Stuttgart , Germany

The Stuttgart Pact For Integration: the Power of Planning

Stuttgart City Council

February 25, 2009

Urban leadership creates an inclusive integration strategy for full community participation.

Successful integration doesn’t just happen, it is the result of thoughtful and strategic planning. While cities around the world increasingly recognize this new reality, the City of Stuttgart, Germany, took the lead early with its top down and comprehensive approach to integration.

In 2001, the Stuttgart City Council adopted the groundbreaking Pact For Integration and instituted a sweeping program of policies and activities aimed at securing Stuttgart’s future as a great international city. Calling successful integration the “glue for social cohesion,” the city anchored its new policy framework in a strong multi-sector coalition that brought together public, private sector, and civil society interests in a shared agenda to realize the goals of:

  • participation and equal opportunity for everyone,
  • peaceful cohabitation and social cohesion, and
  • the capitalization of cultural diversity as a community and economic asset.

Stuttgart, the capital of the federal state Baden Wuerttemberg, is located in southern Germany. Approximately one third or 40 per cent of the population was born abroad. Residents of Stuttgart are from over 170 nations and speak over 120 languages. This gives Stuttgart one of the largest proportions of migrants among German cities.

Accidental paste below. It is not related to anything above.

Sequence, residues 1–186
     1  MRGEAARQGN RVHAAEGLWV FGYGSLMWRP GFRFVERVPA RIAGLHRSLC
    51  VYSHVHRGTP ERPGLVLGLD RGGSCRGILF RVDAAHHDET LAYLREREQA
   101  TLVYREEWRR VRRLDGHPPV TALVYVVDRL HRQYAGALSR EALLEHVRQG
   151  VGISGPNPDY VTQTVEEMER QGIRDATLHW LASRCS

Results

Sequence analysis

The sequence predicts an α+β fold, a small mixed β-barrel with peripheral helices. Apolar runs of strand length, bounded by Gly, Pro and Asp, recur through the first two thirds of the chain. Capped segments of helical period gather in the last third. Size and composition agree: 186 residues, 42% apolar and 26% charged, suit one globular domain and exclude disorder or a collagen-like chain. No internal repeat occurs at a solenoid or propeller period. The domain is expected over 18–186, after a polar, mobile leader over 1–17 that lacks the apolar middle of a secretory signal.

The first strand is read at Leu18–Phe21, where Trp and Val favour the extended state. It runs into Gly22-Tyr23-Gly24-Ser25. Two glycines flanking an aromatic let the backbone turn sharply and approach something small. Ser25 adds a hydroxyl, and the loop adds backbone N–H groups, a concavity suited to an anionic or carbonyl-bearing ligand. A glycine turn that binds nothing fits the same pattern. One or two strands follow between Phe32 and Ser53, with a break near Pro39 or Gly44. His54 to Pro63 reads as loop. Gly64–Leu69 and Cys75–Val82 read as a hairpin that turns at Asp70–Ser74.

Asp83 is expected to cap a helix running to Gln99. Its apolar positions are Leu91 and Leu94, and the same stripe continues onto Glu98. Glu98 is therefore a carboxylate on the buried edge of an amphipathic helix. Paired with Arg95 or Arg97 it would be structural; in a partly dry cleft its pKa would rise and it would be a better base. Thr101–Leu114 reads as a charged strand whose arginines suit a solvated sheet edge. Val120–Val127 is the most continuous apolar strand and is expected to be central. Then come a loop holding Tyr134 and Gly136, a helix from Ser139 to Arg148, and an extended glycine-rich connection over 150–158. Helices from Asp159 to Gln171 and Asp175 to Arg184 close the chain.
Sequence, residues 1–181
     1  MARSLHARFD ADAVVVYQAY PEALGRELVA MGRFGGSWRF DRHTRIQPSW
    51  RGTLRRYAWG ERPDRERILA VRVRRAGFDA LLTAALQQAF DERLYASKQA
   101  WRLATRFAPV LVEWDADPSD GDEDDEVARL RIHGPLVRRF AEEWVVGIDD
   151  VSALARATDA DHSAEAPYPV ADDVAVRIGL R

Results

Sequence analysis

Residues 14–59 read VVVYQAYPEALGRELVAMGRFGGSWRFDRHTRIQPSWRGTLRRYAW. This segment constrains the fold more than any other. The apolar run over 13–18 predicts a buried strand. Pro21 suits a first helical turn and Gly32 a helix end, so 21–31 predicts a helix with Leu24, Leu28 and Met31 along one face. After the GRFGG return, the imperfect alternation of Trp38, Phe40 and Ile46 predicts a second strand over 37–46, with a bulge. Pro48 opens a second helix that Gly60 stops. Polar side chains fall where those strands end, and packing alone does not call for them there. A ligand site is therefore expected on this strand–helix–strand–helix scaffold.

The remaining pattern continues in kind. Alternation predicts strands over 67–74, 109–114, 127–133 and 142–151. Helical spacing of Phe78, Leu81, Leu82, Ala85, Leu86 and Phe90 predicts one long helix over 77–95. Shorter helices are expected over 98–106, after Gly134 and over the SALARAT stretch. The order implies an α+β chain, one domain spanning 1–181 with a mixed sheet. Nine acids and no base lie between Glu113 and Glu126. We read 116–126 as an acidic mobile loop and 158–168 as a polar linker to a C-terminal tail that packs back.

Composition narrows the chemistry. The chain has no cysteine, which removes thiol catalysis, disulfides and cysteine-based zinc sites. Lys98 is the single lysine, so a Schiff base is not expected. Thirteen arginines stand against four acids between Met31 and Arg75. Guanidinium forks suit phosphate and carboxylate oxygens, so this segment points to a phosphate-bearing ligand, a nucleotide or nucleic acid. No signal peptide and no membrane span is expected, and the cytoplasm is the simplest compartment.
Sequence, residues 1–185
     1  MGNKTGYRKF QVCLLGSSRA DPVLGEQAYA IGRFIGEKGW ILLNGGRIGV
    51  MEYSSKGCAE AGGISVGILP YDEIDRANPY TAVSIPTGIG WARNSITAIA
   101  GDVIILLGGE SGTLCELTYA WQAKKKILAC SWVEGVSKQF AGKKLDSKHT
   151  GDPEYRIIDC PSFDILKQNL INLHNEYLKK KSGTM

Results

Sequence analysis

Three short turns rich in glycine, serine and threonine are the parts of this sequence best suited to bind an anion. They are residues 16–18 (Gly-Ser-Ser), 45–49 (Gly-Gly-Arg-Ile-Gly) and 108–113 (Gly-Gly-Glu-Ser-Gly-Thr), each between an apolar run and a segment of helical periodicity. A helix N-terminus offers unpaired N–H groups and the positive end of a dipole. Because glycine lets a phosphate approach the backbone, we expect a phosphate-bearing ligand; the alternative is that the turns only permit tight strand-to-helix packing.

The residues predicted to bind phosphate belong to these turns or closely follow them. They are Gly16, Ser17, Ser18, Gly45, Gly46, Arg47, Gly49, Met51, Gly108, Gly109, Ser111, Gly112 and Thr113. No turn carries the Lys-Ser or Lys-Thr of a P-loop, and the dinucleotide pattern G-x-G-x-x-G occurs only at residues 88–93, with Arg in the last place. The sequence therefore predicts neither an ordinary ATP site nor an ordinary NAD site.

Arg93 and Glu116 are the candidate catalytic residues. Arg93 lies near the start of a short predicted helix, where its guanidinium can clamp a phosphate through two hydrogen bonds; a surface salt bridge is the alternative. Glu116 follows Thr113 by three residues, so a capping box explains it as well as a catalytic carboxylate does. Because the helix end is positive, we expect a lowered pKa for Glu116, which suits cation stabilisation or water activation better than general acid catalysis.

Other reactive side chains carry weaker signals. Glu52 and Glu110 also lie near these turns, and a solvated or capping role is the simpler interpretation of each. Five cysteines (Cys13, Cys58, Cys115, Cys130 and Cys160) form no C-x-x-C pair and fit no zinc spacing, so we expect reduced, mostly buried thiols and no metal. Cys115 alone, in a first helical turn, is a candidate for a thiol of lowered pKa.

In part, Stuttgart’s leadership with its Pact For Integration stemmed from its early recognition that successful integration was necessary to attract and retain migrants as well as the investment of international corporations –and ultimately essential to Stuttgart’s economic prosperity.

Immigrants are particularly important to the demographics of Stuttgart since it faces the challenges of an aging population without an adequate birth replacement rate. Currently, there are no children or adolescents under the age of 18 in 82 percent of households in Stuttgart. Without immigrants, only 10 percent of households in Stuttgart would include children.

As a result, Stuttgart recognises that the effective integration of their immigrant population is essential to augmenting the skilled labour force required to attract industry leaders such as Dailmer Chrysler, Porche, Hewlett-Packard and IBM.

“The new element is that we are no longer merely pursuing a classic integration policy for migrants which classifies foreigners as people with language and other problems, but that we are saying: Stuttgart is an international city, with a 35 to 40 percent migration background, and we need a well mapped-out integration strategy covering the needs of equal opportunities”, explains Gari Pavkovic, Head of the Department for Integration Policy.